Telford developers using virtual reality to help train station staff
Virtual reality is being harnessed in all sorts of ways in modern business – and now a pioneering project from a Shropshire company is helping rail operators to train station staff across the network.
Telford-based VR Simulation Systems has been working with Arriva Trains Wales on a 'Rail Cave', which simulates life on a busy station.
It is used to train station staff to look out for safety issues such as left bags, people getting trapped in train doors, and drunks staggering towards the platform edge.
Staff are dropped into a virtual station and faced with different scenarios from platforms full of virtual commuters. In more extreme cases its virtual passengers are dragged down platforms by trains in an effort to demonstrate the reality of the need for safety.
After early success for the programme – including quickly training 300 staff ready for an influx of 80,000 football supporters for the Champions League Final in Cardiff back in May – it is now being picked up by other franchises after a grant from the Rail Safety Board helped develop the software.
Tim Luft, who runs the company at the University of Wolverhampton's Priorslee Campus in Telford, said: "We started off talking to Arriva about using virtual reality initially to help understand how they could use technology to solve their problems around how to train people in a more engaging way.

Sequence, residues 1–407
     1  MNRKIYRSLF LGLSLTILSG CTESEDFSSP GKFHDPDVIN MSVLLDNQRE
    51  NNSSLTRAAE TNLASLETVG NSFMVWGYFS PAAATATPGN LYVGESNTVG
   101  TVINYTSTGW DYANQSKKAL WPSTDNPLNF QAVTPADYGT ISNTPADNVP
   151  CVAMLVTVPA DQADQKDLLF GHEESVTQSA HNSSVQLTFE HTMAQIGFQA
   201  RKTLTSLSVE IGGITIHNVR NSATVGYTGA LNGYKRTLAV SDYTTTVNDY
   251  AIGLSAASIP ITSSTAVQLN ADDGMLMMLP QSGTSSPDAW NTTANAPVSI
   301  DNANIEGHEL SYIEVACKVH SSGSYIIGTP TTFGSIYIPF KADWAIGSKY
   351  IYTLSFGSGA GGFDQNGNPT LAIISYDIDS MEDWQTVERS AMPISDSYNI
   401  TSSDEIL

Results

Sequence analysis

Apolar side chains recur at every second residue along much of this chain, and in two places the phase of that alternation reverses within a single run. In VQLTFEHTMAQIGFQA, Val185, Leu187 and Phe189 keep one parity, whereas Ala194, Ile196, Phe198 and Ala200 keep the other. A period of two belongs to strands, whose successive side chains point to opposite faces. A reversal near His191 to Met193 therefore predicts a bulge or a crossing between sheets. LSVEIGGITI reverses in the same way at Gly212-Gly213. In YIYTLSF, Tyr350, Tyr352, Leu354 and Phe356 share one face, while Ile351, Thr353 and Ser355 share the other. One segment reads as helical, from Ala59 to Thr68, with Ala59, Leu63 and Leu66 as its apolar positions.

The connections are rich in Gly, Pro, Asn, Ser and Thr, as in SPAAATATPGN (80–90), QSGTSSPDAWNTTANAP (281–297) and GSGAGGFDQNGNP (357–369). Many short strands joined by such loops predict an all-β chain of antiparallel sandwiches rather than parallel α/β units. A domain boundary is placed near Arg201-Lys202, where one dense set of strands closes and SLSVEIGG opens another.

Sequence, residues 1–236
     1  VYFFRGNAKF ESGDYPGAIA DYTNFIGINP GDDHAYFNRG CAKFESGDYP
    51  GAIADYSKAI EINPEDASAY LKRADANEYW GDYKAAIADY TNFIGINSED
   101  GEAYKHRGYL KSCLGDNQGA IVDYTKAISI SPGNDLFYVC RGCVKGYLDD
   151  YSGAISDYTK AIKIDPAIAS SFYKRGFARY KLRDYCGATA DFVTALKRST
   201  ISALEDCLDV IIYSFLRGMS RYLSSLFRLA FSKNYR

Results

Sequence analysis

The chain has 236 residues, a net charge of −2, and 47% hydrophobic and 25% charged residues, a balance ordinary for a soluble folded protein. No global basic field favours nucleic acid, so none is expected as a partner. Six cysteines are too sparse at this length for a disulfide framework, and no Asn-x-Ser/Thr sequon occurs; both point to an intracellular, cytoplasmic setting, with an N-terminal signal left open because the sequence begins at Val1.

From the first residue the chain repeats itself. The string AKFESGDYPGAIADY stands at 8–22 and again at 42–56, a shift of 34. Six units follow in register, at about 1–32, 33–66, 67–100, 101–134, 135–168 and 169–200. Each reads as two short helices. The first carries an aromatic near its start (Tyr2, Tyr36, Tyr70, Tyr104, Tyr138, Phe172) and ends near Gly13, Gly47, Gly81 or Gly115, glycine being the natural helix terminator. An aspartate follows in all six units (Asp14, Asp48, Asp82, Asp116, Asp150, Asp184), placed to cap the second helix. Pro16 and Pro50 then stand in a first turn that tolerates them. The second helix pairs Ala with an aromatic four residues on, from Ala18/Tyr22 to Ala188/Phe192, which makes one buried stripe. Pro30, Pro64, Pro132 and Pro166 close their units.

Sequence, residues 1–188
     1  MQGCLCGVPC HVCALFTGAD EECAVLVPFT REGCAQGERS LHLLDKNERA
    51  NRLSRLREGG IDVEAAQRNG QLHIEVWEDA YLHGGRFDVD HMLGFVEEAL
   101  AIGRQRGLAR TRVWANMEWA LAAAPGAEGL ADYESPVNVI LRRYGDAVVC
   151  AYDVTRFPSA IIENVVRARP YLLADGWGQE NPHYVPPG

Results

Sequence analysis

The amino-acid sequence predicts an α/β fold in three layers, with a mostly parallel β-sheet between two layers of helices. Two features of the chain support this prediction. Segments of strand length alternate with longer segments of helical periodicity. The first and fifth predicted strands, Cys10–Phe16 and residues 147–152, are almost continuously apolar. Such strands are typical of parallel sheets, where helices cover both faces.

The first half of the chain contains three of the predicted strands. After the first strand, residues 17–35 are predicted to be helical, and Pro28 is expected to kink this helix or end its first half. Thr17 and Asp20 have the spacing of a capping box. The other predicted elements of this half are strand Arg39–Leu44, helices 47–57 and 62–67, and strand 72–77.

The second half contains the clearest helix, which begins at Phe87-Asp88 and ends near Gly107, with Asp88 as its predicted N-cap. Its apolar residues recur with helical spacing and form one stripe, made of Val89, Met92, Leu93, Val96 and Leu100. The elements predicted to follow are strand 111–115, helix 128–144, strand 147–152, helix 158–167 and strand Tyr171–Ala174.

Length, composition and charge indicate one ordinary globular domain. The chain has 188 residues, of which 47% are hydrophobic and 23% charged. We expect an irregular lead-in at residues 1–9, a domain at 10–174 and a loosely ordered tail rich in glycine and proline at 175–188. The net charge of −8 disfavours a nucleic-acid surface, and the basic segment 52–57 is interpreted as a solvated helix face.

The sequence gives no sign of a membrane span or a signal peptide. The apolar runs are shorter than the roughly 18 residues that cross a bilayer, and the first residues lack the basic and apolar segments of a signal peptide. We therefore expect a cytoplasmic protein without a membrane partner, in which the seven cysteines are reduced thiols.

"When we looked at the statistics we realised most rail accidents happen on the platform. That's the most dangerous element of boarding and disembarking. It could be accidents, it could be suicides, it could be people getting trapped in the doors.
"We saw 332 people killed in 2016 on railway lines in the UK, and each railway company is spending £2 million a year on insurance claims for trips and slips. It's an expensive business, and safety is premier on the railways.
"This is about teaching people to spot things that happen before they occur, and whether they could intervene. Could they spot somebody acting suspiciously, or that are over the yellow line?
"That's where we had the idea of a simulator. We came up with this concept of a cave, a room within a room, where you can drop an individual in somewhere that feels realistic and simulate scenarios."
The simulation, which is projected onto three walls around the user, is modelled on different parts of the Welsh rail franchise, including the platform and roof from Shrewsbury and Hereford's ticket barriers.
It also adapts to different weather conditions, changes the rolling stock to exactly replicate that which is used by the company so station staff can be sure their training will transfer to the real world.
Mr Luft, who also runs virtual reality gaming company Woote from Telford Ice Rink, is now working with his team of developers to improve the product by adding things like gesture controls instead of games console controllers.
"We are building another generation at the moment that's more generic to any rail environment," he said.
"We will personalise it as every company wants its own rail stock in there."